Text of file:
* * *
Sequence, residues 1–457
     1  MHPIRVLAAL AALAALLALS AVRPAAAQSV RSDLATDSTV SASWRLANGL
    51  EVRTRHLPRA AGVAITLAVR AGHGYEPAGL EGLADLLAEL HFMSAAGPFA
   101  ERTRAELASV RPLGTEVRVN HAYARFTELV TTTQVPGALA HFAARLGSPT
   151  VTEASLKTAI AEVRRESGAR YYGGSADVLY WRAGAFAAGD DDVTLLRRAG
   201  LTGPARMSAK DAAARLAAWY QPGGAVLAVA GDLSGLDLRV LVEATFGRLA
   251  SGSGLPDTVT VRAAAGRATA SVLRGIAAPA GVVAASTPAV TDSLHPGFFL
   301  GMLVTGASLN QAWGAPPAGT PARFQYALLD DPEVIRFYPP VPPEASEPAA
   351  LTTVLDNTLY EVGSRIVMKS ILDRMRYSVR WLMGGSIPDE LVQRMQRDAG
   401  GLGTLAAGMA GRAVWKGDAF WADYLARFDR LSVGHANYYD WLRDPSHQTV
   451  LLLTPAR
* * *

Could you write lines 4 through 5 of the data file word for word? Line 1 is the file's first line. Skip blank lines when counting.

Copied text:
   101  ERTRAELASV RPLGTEVRVN HAYARFTELV TTTQVPGALA HFAARLGSPT
   151  VTEASLKTAI AEVRRESGAR YYGGSADVLY WRAGAFAAGD DDVTLLRRAG